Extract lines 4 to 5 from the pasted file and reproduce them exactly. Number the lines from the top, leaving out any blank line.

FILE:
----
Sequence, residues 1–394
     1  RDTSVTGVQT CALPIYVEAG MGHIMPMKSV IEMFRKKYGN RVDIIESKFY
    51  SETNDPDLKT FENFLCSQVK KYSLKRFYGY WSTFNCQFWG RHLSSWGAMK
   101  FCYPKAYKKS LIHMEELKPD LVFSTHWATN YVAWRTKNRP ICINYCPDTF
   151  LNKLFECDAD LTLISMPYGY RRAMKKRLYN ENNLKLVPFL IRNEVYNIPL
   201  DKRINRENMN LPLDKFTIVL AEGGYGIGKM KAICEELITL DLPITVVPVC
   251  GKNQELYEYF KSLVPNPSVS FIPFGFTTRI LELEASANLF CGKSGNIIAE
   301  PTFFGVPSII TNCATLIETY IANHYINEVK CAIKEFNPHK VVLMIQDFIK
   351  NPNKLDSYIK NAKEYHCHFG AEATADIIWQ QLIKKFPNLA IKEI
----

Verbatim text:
   101  FCYPKAYKKS LIHMEELKPD LVFSTHWATN YVAWRTKNRP ICINYCPDTF
   151  LNKLFECDAD LTLISMPYGY RRAMKKRLYN ENNLKLVPFL IRNEVYNIPL